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Meet the Publisher: Paolo Greco

Paolo Greco is the author of The Book of Gaub, Wulfwald, and in conjunction with Yochai Gal, published Beyond the Pale and Magen Chaim. They were kind enough to answer some questions for me.

Question. Firstly, you've been producing some of the most uniquely weird projects to come out of the OSR, and never seem to visit the same idea more than once. Can you talk a little bit about your inspirations? Do you go into a project with a specific tone in mind, or does it evolve during the process?

Answer. Thank you! I think my different background and reading preferences strongly influenced what I make: I'm one of the few Mediterranean Old School publishers, and my fantasy milieu comes more from history and real world mythology than the "Fantasy Genre". As a matter of fact, except for Fantastic Realism writers (like Calvino, Borges, Saint Euxpery, and Pratchett in its satirical Discworld), Lord Dunsany, Pratchett, and Ursula Le Guin, I never read fantasy: as a genre I find it mostly boring, and picking Lord of the Rings for my summer reading in high school was a terrible choice that I still regret. My books are definitely more informed by non-fiction, for example history and science at large, politics, and real-world magic. Something I'm way, way more mainstream about is my cinematic inspiration: being an '80s kid, I absolutely snorted the adventure movie and anime genre. I watched Boorman's Excalibur so many times the VHS tape wore off. Hanno's Nadia: Secret of the Blue Water and Spielberg's Indiana Jones and the Last Crusade are also fundamental inspirations, and so are titles like Highlander, Akira, Blues Brothers, Saint Seiya.

Something else I cannot leave out is having grown up in Italy, and how much it affected my aesthetic: in the way to my dad's office I walked past a renaissance gothic cathedral, medieval palaces, roman ruins, and modern arcades, all of them wholly integrated in Milan's urban matrix. I do not relate at all to the OSR grimdark "aesthetic of ruin", and to be honest I find it very English, small-c conservative, and sad in a way that does not yield anything worthwhile: looting for personal gain is fun, but there is a core twinge of backward grief about loss, and no intention to work on that grief. I'd rather work on that grief, reclaim those ruins,  and use them to enrich our lives. If that strikes you as a more positive Renaissance attitude, you would be right: in what I write there is a glimpse of an upward trajectory, hinting at the possibility of a new Golden Age. Even Beautiful yet Lost, that is about nostalgia, grief, and ruins, is ultimately about recovery.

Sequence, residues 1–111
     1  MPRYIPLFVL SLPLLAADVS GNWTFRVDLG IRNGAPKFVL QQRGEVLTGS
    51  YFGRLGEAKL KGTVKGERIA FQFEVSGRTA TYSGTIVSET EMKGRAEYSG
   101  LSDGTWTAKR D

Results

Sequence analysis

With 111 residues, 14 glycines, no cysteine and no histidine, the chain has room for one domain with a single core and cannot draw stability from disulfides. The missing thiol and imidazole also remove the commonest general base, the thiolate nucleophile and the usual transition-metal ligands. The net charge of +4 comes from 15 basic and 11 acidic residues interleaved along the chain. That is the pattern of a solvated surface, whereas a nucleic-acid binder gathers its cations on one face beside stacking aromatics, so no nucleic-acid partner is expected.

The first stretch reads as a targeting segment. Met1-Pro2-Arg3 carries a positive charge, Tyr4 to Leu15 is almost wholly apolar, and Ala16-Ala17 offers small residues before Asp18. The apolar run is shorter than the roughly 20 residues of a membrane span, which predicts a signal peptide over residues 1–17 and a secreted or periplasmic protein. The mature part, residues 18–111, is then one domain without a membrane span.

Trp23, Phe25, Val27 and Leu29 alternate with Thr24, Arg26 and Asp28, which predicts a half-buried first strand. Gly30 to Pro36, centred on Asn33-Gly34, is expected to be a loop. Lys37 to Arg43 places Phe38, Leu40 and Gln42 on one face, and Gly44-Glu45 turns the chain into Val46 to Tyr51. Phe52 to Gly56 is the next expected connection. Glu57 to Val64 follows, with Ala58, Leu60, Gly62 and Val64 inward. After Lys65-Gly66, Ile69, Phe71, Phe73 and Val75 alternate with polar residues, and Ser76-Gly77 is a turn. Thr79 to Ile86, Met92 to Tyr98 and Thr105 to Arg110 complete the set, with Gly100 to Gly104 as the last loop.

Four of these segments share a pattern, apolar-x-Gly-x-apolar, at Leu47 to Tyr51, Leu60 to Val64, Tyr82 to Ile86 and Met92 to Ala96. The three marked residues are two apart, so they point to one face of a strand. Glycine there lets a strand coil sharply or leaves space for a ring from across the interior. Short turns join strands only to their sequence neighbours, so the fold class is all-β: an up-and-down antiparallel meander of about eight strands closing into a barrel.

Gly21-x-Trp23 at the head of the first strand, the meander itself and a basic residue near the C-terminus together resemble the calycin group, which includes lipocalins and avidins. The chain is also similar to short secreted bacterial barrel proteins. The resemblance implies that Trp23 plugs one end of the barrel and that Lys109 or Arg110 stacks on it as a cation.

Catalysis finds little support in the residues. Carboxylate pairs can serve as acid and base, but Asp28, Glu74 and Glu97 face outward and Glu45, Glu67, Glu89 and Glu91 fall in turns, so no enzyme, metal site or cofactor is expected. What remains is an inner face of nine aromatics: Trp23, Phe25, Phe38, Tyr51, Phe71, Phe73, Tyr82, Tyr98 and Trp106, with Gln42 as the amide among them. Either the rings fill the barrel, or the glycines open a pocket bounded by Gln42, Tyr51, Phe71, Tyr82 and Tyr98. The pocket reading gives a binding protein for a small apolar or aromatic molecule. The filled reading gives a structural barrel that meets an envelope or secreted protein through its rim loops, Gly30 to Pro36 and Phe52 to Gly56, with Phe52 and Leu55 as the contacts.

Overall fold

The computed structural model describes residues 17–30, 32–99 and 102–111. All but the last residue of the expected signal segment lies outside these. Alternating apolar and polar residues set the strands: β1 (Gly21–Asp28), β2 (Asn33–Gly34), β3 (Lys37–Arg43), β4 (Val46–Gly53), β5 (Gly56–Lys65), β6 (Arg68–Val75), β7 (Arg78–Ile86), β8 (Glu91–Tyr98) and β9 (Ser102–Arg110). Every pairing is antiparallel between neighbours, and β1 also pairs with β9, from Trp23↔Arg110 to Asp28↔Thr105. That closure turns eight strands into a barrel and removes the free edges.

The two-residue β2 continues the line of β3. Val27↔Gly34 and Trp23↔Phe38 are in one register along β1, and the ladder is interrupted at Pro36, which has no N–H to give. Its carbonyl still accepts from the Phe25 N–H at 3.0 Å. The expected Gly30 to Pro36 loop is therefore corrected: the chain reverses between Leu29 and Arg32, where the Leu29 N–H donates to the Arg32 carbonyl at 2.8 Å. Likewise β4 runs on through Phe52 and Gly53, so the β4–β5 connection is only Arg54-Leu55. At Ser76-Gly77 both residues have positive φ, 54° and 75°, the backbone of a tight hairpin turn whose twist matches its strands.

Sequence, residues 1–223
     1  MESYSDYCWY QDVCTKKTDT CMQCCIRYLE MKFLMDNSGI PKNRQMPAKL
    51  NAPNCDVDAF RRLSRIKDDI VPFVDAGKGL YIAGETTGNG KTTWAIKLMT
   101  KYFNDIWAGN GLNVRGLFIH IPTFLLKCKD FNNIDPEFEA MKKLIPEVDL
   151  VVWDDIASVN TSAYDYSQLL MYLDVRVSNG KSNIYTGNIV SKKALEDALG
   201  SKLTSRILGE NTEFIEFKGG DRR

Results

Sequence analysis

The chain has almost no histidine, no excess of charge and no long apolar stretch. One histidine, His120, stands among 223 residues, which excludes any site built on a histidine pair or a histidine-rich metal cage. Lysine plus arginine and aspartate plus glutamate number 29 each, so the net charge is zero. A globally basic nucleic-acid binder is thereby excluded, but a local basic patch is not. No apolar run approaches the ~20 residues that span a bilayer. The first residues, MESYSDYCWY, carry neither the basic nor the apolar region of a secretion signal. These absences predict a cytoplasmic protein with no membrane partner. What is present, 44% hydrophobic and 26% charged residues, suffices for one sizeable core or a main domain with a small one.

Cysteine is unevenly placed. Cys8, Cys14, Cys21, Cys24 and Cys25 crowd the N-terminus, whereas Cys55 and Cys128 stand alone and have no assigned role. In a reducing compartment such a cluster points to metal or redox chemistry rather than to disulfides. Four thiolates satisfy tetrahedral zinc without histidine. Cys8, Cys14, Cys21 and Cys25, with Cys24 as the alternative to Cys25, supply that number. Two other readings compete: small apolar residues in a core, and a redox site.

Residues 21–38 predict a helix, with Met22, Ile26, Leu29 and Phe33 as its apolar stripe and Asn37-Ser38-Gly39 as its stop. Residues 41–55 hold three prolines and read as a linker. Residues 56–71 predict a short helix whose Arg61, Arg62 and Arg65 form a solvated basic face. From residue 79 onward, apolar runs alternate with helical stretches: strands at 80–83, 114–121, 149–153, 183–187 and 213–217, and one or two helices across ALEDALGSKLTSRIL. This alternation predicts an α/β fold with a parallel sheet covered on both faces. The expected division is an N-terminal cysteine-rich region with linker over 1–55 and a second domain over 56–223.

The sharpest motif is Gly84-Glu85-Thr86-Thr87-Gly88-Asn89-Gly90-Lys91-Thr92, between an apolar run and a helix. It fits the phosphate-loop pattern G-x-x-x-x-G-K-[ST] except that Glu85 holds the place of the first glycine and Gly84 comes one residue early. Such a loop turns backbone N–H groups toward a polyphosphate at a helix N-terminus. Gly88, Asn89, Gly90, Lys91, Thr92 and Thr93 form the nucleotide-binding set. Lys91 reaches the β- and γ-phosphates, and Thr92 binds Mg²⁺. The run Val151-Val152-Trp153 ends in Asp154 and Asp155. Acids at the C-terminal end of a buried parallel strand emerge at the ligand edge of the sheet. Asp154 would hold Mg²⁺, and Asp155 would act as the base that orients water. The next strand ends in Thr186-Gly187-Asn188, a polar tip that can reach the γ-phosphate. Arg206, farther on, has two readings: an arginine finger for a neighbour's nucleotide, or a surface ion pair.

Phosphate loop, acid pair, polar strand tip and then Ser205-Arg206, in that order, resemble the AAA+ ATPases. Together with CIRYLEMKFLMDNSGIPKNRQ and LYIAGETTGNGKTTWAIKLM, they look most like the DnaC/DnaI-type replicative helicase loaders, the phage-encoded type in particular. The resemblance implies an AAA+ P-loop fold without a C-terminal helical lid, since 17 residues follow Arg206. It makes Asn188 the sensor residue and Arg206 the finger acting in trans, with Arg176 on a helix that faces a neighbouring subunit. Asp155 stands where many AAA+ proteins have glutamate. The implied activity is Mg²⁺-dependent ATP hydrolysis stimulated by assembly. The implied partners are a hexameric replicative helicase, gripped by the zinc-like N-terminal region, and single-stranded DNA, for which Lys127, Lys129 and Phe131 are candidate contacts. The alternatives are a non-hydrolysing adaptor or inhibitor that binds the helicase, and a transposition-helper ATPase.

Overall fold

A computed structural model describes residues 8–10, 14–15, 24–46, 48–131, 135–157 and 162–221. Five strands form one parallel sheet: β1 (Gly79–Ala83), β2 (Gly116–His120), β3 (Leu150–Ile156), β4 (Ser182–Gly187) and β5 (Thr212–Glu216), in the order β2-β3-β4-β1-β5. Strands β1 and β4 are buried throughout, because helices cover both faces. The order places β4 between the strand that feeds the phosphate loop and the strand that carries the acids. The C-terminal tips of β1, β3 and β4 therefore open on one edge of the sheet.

Q. Wulfwald seems to be a pretty significant departure from your earlier work, in the scope. How has it been working on a larger, more ambitious project like this? I think the box set -- and especially the cloth map -- is going to be a pretty amazing project.

A. Thank you! Wulfwald was a big project, but it ended up much bigger and deeper than expected. It's my second boxed set, and the box and the map and the physical components were, paradoxically, the easiest part: the only problem was finding a manufacturer that could handle the box with a cloth map. The real issue with producing Wulfwald was the amount of material: during layout and dev-edit it became clear that it could not fit in four booklets, but needed five, and some of the material needed more work, and towards the end we felt there were meaningful gapes and Lee went back to the desk and wrote more. Throw in some bad health on my side, political instability making shipping through Suez impossible, and communication issues with the printer and that's all the ingredients for being one year and two months late.


Q. One of the main themes that seems to run through your work is that of the outsider, or the outcast. If it's not too forward, how much of this is informed by your life experiences? 

A. Alienation has been a constant experience in my life. Autism, ADHD, being queer, trans, migrant, nerdy: I never had a chance to fit in. Wulfwald is about criminal outcasts resorting to murder and terror to fit in society, Beyond the Pale is set in a Jewish community, Chthonic Codex was written in part as a satire against my postgrad at Glasgow University, and wizardry in general is the field of what is beyond the experience, ken, and familiarity of most people. 

Q. Finally, can you talk a bit about any upcoming projects you might have in the works or are thinking about once Wulfwald is put to bed? Do you have anything, or anyone, you'd like to plug?

A. After Wulfwald we did Beyond the Pale. Written by Yochai Gal (of Cairn fame), it's an Old School horror-ish adventure based on Jewish mysticism and folktales. It took Yochai years of research and writing, and beside me the production team is all Jewish. The kickstarter went well, and the result is a pretty hardcover. Now I'm actively working on a few projects:

  • Mike Monaco's new edition of Burgs & Bailiffs, a complete Old School European Medieval setting book.

  • Beautiful Yet Lost, an exploration game of diaspora and the pain of homecoming. Delve in the ruin of your old civilization, trying to recover what's left of your dying culture.

  • Dawn of Thaumaturgy, a supplement book to play Old School before spells and magic items were invented. No clerics or wizards, but exorcists binding spirits, cunning folk and their arts and remedies, and astrologer-smiths gathering meteors to forge swords from out of this world.

  • A very secret project that I do not want to jinx :)

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